In OFDM, a large number of closely spaced orthogonal sub-carrier signals may be used for encoding data. The dimension for frequency is used for a number of sub-carriers, with each sub-carrier carrying a modulation symbol. In accordance with the OFDM standard, each OFDM symbol transmitted by a given UE comprises Nsc occupied sub-carriers. The Nsc occupied sub-carriers are located at frequencies kΔf, where

k = - N sc 2 , , N sc 2 - 1.
The dimension for time is measured in units of OFDM symbols.

A UE transmits a plurality of sub-frames of OFDM symbols. Each sub-frame of the plurality of sub-frames of the OFDM symbol transmitted by the given UE consists of a Demodulation Reference Symbol (DMRS) followed by data symbols. The DMRS is a symbol used for coherent demodulation at the receive antenna.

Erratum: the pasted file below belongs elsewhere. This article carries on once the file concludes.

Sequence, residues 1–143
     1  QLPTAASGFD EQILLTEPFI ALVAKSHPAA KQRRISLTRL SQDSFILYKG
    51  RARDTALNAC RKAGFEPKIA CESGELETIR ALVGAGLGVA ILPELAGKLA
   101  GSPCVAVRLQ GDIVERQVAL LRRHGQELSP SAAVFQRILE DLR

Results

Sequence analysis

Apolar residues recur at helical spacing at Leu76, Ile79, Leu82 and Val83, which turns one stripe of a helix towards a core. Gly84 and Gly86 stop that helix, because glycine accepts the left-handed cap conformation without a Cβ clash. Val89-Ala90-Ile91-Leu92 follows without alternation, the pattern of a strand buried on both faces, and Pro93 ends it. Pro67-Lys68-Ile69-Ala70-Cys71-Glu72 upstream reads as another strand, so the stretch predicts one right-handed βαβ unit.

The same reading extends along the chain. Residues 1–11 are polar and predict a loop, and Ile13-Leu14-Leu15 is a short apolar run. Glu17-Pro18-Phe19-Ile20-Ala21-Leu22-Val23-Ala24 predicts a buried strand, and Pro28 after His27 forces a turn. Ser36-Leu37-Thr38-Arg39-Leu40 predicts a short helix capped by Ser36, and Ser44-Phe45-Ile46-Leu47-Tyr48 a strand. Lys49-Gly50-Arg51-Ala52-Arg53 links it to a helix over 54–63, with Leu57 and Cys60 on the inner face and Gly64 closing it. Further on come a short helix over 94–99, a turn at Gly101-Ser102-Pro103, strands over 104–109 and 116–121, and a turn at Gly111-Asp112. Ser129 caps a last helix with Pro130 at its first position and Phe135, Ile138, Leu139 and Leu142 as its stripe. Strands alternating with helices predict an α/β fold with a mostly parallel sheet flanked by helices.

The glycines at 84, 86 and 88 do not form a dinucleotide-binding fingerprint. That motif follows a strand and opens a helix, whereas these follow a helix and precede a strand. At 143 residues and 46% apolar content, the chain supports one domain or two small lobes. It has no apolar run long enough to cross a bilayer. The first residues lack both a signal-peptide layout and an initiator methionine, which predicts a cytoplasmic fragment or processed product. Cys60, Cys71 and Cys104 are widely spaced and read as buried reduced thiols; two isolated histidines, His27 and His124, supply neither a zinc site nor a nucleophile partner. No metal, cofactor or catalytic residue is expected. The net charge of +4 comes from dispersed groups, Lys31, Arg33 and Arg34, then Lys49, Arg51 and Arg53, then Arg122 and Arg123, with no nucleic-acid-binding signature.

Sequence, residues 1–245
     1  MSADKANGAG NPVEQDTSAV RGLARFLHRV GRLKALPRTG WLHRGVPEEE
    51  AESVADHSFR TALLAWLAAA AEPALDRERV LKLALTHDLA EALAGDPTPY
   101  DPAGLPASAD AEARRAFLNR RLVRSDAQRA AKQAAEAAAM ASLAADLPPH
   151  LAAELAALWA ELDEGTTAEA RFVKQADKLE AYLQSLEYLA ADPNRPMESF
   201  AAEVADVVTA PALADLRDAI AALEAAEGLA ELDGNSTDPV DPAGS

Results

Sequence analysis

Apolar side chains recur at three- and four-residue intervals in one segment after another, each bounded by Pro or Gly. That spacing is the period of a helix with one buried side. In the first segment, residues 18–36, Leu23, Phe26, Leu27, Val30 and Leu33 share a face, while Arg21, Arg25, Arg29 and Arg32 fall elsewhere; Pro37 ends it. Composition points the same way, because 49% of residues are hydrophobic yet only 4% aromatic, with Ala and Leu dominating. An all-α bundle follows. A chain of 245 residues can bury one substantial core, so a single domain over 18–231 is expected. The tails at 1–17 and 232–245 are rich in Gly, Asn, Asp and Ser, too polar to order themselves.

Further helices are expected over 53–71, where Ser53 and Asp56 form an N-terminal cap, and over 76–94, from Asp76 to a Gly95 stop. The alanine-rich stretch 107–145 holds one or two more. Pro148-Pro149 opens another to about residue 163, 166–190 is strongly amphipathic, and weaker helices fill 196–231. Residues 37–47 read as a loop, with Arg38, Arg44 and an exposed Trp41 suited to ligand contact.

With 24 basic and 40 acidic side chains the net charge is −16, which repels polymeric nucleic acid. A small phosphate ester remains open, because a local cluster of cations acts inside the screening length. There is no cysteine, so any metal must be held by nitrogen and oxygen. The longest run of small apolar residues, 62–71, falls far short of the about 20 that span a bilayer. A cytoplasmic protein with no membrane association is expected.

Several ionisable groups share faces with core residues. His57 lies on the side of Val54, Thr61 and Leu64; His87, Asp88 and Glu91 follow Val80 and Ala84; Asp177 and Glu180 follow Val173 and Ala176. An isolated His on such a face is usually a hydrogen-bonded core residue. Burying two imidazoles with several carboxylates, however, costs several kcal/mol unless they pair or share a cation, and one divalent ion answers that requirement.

Prior to transmission, the UE may convert each OFDM symbol to the time domain. Then, a cyclic prefix is attached to the resulting OFDM symbol in the time domain. The UE then transmits the resulting signal to any number of receive antennas over the wireless MU-MIMO channel. For an illustrative example, the UE may convert the OFDM symbol to the time domain using an N-point Inverse Discrete Fourier Transform (IDFT), an Inverse Fast Fourier Transform (IFFT), or an Inverse Fourier Transform (IFT). Then, the cyclic prefix, e.g., a prefix of size P, is attached to the resulting OFDM symbol prior to transmission towards the receive antennas.

It is noted that the N-point IDFT for a band limited scenario is described below in conjunction with equations 5-7 of Example 1.

Returning to FIG. 1, suppose the transmitter wireless devices 120-1, 120-2, . . . , 120-n are UEs and each UE has one transmit antenna. The receiver receives signals from a plurality of UEs. The OFDM symbol transmitted by a given UE consists the DMRS of the transmit antenna of the UE followed by the data symbols.